On other occasions, Smich and his girlfriend came to work at the hangar. He and Jennings occasionally chatted superficially on their smoke breaks.

Ravin Pillay handles the cross for Millard.

Monday May 6, it was a normal day, he asks Jennings.

“Pretty much, yes.”

“No one mentioned it would be shutting down the following day?”

Jennings agrees.

“No forewarning?”


Pillay clarifies that no one ever asked Jennings to return the fob that week even on Friday May 10.

“Throughout the week of May 6, you had access to the hangar?”

“Theoretically yes but no. We were not allowed.”

“You definitely were familiar and aware of missing truck as of evening of May 7.”

Jennings agrees.

There was nothing say not to come to work?

“I checked with Shane and off I went.”

You go about your regular routine on Wednesday May 8?”

Jennings agrees.

Nothing out of the ordinary, asks Pillay.

“Not when I first get there, no.”

“The truck was immediately apparent?”


“Your heart sank? You got a gut feeling?”

“Yes I did.”

“You said, ‘Oh my God?’”

“Yes, it was quite a shock.”

Pillay asks how big the hangar was — 50,000 square feet?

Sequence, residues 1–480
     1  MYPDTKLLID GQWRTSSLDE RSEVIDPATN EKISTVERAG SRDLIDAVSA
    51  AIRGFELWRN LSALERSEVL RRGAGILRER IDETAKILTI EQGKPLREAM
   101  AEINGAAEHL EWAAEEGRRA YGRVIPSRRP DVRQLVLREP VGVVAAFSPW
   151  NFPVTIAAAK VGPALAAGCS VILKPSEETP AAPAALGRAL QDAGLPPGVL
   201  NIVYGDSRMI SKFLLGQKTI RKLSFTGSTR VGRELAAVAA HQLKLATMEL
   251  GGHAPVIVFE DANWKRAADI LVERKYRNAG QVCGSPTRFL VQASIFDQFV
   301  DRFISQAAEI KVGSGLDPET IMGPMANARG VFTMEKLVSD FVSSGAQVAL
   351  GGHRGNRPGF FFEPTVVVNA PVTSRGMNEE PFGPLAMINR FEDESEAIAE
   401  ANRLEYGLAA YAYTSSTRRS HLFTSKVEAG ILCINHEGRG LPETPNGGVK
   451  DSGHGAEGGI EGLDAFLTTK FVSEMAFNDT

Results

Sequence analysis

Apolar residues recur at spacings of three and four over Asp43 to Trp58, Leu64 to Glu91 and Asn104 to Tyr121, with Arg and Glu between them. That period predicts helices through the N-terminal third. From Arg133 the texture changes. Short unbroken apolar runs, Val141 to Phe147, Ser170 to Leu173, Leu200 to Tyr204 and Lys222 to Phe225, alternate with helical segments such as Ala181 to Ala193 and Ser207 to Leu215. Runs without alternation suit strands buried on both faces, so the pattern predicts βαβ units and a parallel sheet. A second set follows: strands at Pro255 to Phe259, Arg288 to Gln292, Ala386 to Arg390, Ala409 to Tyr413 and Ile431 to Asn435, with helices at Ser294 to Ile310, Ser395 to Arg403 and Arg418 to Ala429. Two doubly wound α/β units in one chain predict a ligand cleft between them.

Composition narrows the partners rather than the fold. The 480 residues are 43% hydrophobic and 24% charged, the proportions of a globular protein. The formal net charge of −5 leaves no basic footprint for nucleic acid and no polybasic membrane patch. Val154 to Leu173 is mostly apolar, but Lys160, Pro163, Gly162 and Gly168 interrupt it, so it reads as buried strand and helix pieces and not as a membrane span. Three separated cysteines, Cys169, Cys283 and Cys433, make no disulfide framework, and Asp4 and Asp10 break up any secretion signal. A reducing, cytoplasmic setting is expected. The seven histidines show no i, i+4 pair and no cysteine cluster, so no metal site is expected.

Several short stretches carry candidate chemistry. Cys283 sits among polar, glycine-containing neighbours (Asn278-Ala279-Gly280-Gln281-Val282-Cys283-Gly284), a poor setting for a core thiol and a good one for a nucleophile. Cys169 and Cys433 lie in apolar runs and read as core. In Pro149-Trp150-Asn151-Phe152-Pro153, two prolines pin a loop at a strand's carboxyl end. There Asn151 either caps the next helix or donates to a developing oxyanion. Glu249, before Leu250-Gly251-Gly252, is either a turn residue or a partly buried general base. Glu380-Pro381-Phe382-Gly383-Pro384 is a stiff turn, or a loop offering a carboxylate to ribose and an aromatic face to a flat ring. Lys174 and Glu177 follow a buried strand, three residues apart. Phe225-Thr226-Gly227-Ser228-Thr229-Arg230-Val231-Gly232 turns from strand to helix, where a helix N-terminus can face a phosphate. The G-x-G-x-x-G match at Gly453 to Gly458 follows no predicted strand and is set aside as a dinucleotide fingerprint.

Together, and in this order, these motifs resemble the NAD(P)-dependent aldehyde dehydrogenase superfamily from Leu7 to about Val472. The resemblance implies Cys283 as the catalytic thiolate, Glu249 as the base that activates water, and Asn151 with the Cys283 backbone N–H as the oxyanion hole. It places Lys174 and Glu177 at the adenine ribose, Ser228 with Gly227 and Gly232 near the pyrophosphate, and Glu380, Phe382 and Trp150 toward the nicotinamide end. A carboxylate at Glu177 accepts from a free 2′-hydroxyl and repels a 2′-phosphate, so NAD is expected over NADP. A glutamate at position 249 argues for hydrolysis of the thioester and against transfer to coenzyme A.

“I just know it was a big hangar and it was hard to wash by myself with a mop.” (Jennings mentions several times in his testimony that he was required to wash the entire hangar floor.)

“No attempt to conceal the truck?”


“You become very suspicious?”

“Yes sir.”

“My concern was what has Dell got himself into… I didn’t know how far it went, who was involved … I didn’t know where this went, where it led.”

Pillay asks about what happens when he found the truck gone on Friday.

“I went through whole hangar. I was finally told to mind my own business, stay out of it by Shane.”

Jennings could see the truck’s tracks on the floor he had just cleaned.

“Nothing stopped you from taking photos on Wednesday May 8?”

“No sir.”

On Thursday, the VIN number wasn’t removed?

“No, absolutely not.”

Pillay establishes that airport security checks out the hangar area regularly. Then he asks: “There were no garbage dumpsters at the hangar, right?”

“Good question. I can’t remember. I know there was a lot of garbage piled up in the parking area — furniture.”

“You would frequently see Mr. Millard take garbage away?”

“Shane would give bags to Dell and Dell would take them away.”

Pillay’s cross wraps up.

Smich’s lawyer, Tom Dungey begins his cross by asking Jennings about how it felt to be fired.

“Actually it was a relief, more a relief due to what the situation was.”